CAMEROON'S CHANCES OF RETURNING TO THE WORLD CUP FINALS FOR AN AFRICAN-RECORD SIXTH TIME SEEMED IN SERIOUS PERIL EARLY IN THE LAST STAGE OF QUALIFYING. A SHOCKING loss to Togo prompted the dismissal of manager Otto Pfister, and a draw at home with Morocco under stopgap skipper Thomas Nkono left the four-time African champions with only one point after two matches.
Enter Paul Le Guen. The 45-year-old French-man, fresh off a disappointing spell of managing Paris Saint-Germain, stepped in to rescue Cameroon from the bottom of the qualifying table. Le Guen's risky decision to take the captain's armband from veteran defenseman Rigobert Song and give it to striker Samuel Eto'o paid handsome dividends as a recommitted squad responded with four straight victories—scoring nine goals and conceding just one—to book a place in South Africa.
Ever since Roger Milla came out of semi-retirement to inspire Cameroon to the quarterfinals at Italy 1990, where the Indomitable Lions came within minutes of knocking off England, Cameroon has blazed the trail for African soccer on the world stage. The Lions have won the Africa Cup of Nations four times, but their greatest international accomplishment to date was a come-from-behind victory over Spain for the gold medal at the 2000 Olympics in Sydney.
An influx of talented young players, such as attacking midfielder Alex Song and midfielder Stéphane Mbia, promise more success for Cameroon in the future, but it's four veteran players—Eto'o, Rigobert Song, defenseman Geremi and goalkeeper Carlos Kameni—who are the team's mainstays and have been since the 2002 World Cup. This summer's tournament could be a swan song for Cameroon's golden generation, and it will be motivated to go out in style.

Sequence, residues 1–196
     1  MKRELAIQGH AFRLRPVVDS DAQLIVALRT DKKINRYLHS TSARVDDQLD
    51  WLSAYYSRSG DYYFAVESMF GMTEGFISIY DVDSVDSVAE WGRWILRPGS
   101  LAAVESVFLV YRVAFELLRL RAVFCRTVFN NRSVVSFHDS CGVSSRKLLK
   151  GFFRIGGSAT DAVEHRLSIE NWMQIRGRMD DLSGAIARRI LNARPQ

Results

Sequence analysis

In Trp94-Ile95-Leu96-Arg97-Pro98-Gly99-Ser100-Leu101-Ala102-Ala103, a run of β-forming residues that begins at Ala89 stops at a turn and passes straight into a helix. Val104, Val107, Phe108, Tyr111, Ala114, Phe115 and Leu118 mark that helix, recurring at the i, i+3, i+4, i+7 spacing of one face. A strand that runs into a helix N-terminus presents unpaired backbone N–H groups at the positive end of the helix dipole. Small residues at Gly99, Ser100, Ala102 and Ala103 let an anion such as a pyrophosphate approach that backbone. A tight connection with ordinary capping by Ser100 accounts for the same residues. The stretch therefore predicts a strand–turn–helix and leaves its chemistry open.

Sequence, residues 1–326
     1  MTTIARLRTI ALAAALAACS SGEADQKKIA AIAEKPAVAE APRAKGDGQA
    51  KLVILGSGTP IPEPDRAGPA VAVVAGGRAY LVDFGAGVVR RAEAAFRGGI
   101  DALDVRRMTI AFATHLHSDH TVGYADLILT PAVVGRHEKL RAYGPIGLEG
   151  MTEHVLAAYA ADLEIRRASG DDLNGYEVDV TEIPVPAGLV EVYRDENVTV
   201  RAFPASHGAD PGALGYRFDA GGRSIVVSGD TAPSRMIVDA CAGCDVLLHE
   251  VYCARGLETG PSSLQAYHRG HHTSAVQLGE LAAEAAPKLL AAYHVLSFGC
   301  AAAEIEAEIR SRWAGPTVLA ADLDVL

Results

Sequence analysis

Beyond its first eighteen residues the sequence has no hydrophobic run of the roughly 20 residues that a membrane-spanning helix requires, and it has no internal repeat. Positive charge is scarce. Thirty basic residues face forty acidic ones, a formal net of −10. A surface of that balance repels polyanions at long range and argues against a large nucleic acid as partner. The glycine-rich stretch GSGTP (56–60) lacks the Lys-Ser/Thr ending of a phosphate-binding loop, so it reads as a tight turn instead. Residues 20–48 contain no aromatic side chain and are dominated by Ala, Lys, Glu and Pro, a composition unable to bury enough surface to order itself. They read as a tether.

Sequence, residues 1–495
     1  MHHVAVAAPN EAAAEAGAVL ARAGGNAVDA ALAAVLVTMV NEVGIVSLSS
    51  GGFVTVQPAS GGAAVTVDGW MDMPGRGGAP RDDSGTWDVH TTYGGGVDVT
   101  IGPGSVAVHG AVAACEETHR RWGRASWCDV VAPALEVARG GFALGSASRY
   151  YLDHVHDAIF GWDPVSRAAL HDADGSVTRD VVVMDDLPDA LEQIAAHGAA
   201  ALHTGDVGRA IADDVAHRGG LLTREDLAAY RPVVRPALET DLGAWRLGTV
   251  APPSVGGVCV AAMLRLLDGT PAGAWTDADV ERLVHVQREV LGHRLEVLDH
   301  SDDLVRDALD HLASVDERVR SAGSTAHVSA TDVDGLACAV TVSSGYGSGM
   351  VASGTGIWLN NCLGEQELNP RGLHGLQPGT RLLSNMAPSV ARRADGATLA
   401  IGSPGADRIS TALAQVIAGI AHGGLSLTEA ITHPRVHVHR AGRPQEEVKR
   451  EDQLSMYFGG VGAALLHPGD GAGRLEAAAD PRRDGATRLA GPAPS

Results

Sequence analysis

As the first team to have played an international match in postapartheid South Africa, in 1992, Cameroon can expect considerable fan support throughout the tournament. But it will need more than local backing to advance from a group with no obvious pushovers; every team in Group E has played in at least three World Cups.
Eto'o, who earned his first cap for Cameroon at the tender age of 14, is one of the world's most dangerous poachers and an obvious Golden Boot candidate in South Africa. The three-time African Footballer of the Year, who moved to Inter Milan last summer after five years with Barcelona, delivered nine goals in 11 matches during qualifying. First-choice forwards Achille Emana and Pierre Webó, also Spanish league veterans, often partner with Eto'o in the attack and benefit from the attention he commands from defenders.
Eto'o's production is largely dependent on the playmaking of Arsenal midfielder Alex Song, 22. Alongside him in more defensive roles are Lyon's strong, energetic Jean Makoun and Marseille's Mbia, who shows promise as a holding midfielder and should compete with Celtic's Landry N'Guémo for a starting role.